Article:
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Cecil Ray, former stewardship leader, dies

The opinions expressed by columnists are their own and do not necessarily represent the views of
GEORGETOWN, Texas (BP) -- Cecil Ray, former Southern Baptist stewardship leader and state convention executive, died Aug. 23 in Georgetown, Texas. He was 88.

Ray led Southern Baptists' Planned Growth in Giving stewardship emphasis during the 1980s and was executive director-treasurer of the Baptist State Convention of North Carolina (BSC) from 1976-83.


Ray and his daughter Susan, a polio victim, wrote the 1985 book "Cooperation: The Baptist Way to a Lost World" for the stewardship initiative.

"Cecil Ray was a visionary leader with many strong qualities," said Milton A. Hollifield Jr., current executive director-treasurer of the North Carolina convention.

"He was a man of integrity, and he had a deep level of commitment to his family," the BSC's Hollifield said. "Dr. Ray recognized the importance of being a good steward with our material possessions. He practiced this in his own life and he also developed excellent resources to help Southern Baptists obey God in this aspect of discipleship by liberally investing financially in the work of God's Kingdom."

"He was a no-nonsense, visionary leader who challenged N.C. Baptists," said Johnny Ross, a representative at the BSC for GuideStone Financial Resources who was in the North Carolina convention's Sunday School department when Ray became the state exec in 1976.

Ross said North Carolina Baptists were challenged by Ray to be good stewards and to participate in the Bold Mission Thrust, the Southern Baptist Convention's evangelism emphasis at the time.

"Stewardship was his expertise and special interest," Ross said.

Ray focused attention on the giving and going aspects to advance God's Kingdom. Targeting Sunday School and evangelism, Ray encouraged churches to hold revivals and to find ways to reach the lost.


"He cared deeply about convention staff and gave strong leadership," Ross added. "Dr. Ray and my immediate supervisor and dear friend, Robert Stewart, helped me to understand from the very beginning of my employment with the convention the high privilege and awesome responsibility to serve North Carolina Baptists."

Ray, the son of a pastor, became a Christian at age 7 and was ordained at age 17. He preached his first sermon in a church where his father once had pastored.

Ray was born Dec. 9, 1922, in Fort Worth, Texas. He received his high school, college and graduate degrees in Texas, including theology/divinity degrees from Southwestern Baptist Theological Seminary and Howard Payne University.

Ray played high school football while juggling his schoolwork and a part-time job as a bell hop at a local hotel. He also played football in junior college.

And he married his high school sweetheart, Charlene Andrews.

During World War II, Ray sold war bonds, was a schoolteacher, Boy Scout leader and pastored four churches in Texas. He started and led Arnett-Benson Baptist Church, Lubbock, Texas, from 1946-56, growing the congregation to a membership of 1,500.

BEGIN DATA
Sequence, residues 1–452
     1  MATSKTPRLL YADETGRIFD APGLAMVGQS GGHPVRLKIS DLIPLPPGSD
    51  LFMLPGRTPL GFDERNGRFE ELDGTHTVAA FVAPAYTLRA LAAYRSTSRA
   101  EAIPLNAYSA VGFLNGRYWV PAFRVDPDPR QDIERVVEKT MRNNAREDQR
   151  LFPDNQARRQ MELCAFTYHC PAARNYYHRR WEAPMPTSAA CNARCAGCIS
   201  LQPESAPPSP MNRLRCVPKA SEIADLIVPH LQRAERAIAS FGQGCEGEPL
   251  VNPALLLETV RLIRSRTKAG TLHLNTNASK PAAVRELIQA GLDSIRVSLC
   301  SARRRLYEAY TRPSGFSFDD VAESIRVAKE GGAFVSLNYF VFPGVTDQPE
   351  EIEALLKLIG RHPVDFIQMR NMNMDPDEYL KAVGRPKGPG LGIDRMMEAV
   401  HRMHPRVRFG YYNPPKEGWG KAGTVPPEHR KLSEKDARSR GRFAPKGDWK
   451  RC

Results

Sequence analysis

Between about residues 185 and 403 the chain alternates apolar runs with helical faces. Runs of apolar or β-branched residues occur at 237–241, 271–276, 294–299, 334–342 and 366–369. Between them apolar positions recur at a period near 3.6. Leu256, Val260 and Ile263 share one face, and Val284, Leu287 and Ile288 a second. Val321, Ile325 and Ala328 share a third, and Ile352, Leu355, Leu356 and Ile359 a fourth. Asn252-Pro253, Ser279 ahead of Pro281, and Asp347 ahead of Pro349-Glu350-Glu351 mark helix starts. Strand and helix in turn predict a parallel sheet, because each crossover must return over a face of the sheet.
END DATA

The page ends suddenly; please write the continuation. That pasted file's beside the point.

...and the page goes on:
After his daughter Susan contracted polio and almost died in 1952, Ray was determined to help her have the best life possible. He built specialized equipment that she could use to help her breathe and travel and, in the 1960s, worked with an IBM volunteer engineer to develop a specialized typewriter so Susan could write.


Ray took on more leadership within Texas as superintendent of missions for the 70-church San Antonio Baptist Association. In 1960, he was recognized by the Baptist General Convention of Texas as the Texas Baptist "Father of the Year" for providing a "new way of life" for his daughter.

He went on to serve on the Baptist General Convention of Texas staff as secretary of the Cooperative Program and church finance department and was promoted to director of the stewardship division.

J.W. Hutchens, also a Texas native, knew Ray and his family when he was younger. Ray hired Hutchens to work at the Baptist General Convention of Texas and later brought him to the Baptist State Convention of North Carolina. Hutchens was the BSC's director of evangelism from 1982-92.

"Two things that always got my attention about Cecil was his wonderful mind and his organizational ability," Hutchens said. "He was always prepared for any meeting, as he had done his homework and he had a plan as to how to get the job done."

Ray retired in 1988, moving to Georgetown, Texas, where he remained active in the Williamson Baptist Association and taught Sunday School at Crestview Baptist Church in Georgetown, Texas, until 2004 when his health would no longer allow him to teach.

In addition to his book on Baptist cooperation, Ray authored "The Holy Spirit and His Ministry" (1953); "Living the Responsible Life" (1975); "Christian Family Money Management" (1969); "How to Specialize in Christian Living" (1981); and "Witnessing-Giving, These Go Together" (1988). His most widely used book, Living the Responsible Life, emphasized all aspects of Christian living and has been translated into Spanish, Korean and several African languages.


He was preceded in death by his wife and daughter. Survivors include his son Lanny Ray of Austin, Texas; a granddaughter; and two great-grandchildren.

Among Memorials: Crestview Baptist Church, Georgetown, Texas; the Cooperative Program of the Baptist State Convention of North Carolina; the Cooperative Program of the Baptist General Convention of Texas; and the Alzheimer's Association.

Reported by the staff of the Biblical Recorder, newsjournal of the Baptist State Convention of North Carolina.

Copyright (c) 2011 Southern Baptist Convention, Baptist Press

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